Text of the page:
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The Battle for Room 314


The Battle for Room 314

Ed Boland left a cushy job to teach in an urban school—Room 314 is an honest account of his, and the system’s, failures.

By Chris Borris

After spending 20 years at an education nonprofit, Ed Boland decided he wanted to be part of the ground force in New York City’s public schools. He took a job at one of the small, alternative schools that arose after the breakup of the city’s large, failing institutions. Boland wasn’t naïve, but neither did he expect the level of chaos and grinding lack of academic progress he came up against.

Q: What were some of the problems with the smaller schools?

A: Faculty knew students well and our grade team was well bonded. Yet my school had no real library, no AP classes, limited extracurriculars, and less-than-robust services for ELL and special ed students. By most measures, my small school was no more successful than the old-fashioned “failure factories.” Ultimately, schools are failing because there are high concentrations of deeply disadvantaged students. 

Q: Did “Union Street” in particular lack the discipline to help students succeed?

A: There was a culture of rigor among the teachers, but there wasn’t a highly unified or enforced discipline policy in place—and that really hurt us. There were other small schools that were far more successful in classroom management, and some that were even worse.

Q: Is part of the solution still to be found in smaller schools?

A: The higher graduation rate is promising, and research shows these settings are particularly helpful for African-American and Latino boys, but graduation rates don’t tell the whole story. I’m not convinced college readiness has improved dramatically, and that’s the far more important measure.

Q: Many urban schools are segregated. What’s the solution?

A: The key is to create more integrated and high-performing schools, instead of having families competing for the same few seats at desirable schools. It’s easier said than done, but there are some great models to follow. Hartford, Connecticut, is doing an excellent job of expanding the number of very integrated and sought-after schools. The Century Foundation just released a report this month profiling nearly 100 districts and charters in 32 states that are having success in diversifying schools along racial and socioeconomic lines.

Q: What can administrators do to stop good teachers from leaving high-needs schools?

A: Sixty-eight percent of new teachers leave New York City’s high-poverty schools within five years. We should support and better compensate teachers in these schools, and improve access to social services and supports for families. But ultimately we must create policies and programs that will result in fewer poor kids.

Q: Do teachers need a lot more classroom management training before leading a class?

A: Without a doubt! New teachers need a whole host of supports before, during, and after placement in schools, particularly at struggling, high-poverty schools. In my graduate education program, there was about one hour devoted to classroom management. Yet it is the one skill that every first-year teacher needs the most. Also, there was no quality control or guidance about finding great teachers to observe. Yes, there was mentoring in my school for first-year teachers, but it wasn’t well structured.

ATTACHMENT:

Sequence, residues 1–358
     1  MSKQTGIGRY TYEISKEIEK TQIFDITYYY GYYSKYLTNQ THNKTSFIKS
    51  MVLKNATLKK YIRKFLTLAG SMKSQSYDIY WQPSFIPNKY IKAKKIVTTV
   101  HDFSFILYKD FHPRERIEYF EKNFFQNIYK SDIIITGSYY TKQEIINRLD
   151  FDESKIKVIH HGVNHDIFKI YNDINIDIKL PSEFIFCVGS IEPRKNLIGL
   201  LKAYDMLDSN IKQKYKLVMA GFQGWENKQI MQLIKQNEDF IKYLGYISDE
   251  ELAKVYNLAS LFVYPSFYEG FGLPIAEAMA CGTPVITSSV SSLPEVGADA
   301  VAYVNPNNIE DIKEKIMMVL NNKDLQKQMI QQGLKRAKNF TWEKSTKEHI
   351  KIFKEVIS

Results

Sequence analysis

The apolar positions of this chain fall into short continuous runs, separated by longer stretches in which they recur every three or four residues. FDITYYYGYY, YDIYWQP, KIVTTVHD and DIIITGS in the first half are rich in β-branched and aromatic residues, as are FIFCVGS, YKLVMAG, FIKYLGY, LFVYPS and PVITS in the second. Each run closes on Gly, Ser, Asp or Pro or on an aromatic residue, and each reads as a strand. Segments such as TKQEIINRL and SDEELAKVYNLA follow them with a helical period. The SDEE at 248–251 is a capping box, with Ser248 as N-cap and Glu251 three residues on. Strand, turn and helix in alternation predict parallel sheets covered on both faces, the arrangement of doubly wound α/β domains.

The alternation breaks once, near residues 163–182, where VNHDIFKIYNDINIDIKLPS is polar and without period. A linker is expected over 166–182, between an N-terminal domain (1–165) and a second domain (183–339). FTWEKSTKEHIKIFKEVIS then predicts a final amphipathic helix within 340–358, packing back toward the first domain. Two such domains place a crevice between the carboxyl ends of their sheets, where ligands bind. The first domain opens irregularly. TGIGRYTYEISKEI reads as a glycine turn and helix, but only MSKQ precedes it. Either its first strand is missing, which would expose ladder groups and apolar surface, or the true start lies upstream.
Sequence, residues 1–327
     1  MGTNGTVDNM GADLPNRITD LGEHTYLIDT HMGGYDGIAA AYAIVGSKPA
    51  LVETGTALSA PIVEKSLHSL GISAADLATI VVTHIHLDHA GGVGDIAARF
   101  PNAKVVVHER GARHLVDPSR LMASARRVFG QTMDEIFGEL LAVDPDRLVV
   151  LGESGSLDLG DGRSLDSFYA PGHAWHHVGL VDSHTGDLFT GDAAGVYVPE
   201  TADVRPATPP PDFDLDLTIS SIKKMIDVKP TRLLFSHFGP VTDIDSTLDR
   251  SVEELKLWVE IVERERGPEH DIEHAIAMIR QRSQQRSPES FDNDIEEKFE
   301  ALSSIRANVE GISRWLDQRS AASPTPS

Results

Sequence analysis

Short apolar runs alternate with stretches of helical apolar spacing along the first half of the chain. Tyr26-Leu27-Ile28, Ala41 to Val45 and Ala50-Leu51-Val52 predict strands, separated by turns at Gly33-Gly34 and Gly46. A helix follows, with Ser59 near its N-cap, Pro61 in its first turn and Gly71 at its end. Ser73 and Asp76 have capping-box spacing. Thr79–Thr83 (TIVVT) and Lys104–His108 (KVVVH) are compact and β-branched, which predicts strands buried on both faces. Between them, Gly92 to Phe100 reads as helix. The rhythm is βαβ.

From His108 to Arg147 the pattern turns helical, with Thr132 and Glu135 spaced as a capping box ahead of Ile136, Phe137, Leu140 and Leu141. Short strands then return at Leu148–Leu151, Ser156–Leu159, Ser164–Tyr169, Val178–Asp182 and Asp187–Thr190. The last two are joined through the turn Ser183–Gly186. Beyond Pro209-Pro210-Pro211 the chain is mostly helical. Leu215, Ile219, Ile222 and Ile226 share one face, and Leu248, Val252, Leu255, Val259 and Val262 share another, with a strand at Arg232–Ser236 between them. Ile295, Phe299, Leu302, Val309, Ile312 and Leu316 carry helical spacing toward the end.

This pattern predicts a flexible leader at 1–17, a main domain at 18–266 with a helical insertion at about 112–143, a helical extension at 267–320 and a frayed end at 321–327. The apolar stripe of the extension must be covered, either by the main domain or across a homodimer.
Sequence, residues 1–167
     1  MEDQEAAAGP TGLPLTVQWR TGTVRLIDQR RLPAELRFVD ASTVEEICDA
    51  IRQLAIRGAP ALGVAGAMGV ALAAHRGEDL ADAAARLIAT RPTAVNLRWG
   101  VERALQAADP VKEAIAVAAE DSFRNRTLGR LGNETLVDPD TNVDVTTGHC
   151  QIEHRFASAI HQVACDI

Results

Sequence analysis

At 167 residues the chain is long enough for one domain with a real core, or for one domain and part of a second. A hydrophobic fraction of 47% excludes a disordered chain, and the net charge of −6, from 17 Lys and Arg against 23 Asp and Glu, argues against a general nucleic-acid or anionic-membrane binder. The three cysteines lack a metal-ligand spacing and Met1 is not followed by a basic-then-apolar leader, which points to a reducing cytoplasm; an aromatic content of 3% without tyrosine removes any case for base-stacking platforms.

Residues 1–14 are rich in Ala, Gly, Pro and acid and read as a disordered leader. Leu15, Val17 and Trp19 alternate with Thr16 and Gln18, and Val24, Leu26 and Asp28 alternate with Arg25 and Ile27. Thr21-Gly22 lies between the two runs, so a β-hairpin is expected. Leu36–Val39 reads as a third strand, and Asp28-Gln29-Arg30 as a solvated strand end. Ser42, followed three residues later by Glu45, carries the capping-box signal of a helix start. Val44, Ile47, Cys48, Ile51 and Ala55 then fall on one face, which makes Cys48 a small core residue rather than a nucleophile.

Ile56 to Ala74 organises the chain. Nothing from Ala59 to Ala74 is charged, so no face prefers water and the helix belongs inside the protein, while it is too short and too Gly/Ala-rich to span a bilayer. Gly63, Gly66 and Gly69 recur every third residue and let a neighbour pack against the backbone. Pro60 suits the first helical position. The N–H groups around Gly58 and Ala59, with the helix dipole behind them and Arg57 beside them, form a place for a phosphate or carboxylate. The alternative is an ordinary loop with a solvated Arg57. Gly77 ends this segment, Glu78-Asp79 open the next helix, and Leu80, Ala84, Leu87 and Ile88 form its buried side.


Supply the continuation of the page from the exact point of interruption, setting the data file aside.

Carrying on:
Q: You recount incidents when you really lose it with unruly kids. Is this helpful for an aspiring teacher to read? 

A: I can’t tell you the number of teachers who have reached out to me and said, “Thank you for being so honest about this because it happens to all of us.” My book is not a normative guide to teaching but an honest account of my rookie year. 

Q: What’s a fair way to evaluate teachers and schools?

A: The key is having multiple inputs. The idea that you would rely on standardized testing or just two formal evaluations by a principal is far too limited. That should be part of the equation, but let’s add assessments of students’ work, outside and peer evaluators, and parent and student surveys.

Q: What kinds of schools are most effective at addressing very high-needs kids?

A: I have been really impressed by many of the “second-chance” schools, with very small classes, social workers assigned to every student in small caseloads, and robust in-school social services.

Q: What is the most important thing government or the private sector could do to address failing schools?

A: Implementing a living wage would help stabilize families economically and reduce child poverty. But let me be clear: I’m not suggesting we should do any less within the four walls of the classroom. It is not an “either/or” proposition. We must do “both/and” to solve this problem.

Book Review

In his smart and darkly humorous new book, Ed Boland is disarmingly honest—even when it makes him look bad. While he’s been characterized by some as an unprepared dilettante dipping his toe into the troubled urban school waters only to quickly pull out (and with a book deal, no less), one never doubts his commitment to change things—he just can’t figure out how. This is less an indictment of individual schools or administrators as a critique of how we train and support teachers (or don’t) in failing schools. While arguing for more training and mentoring, he also rightly concludes that educators alone can’t solve the problems—it’s also an issue of poverty and government and the will of the citizenry.

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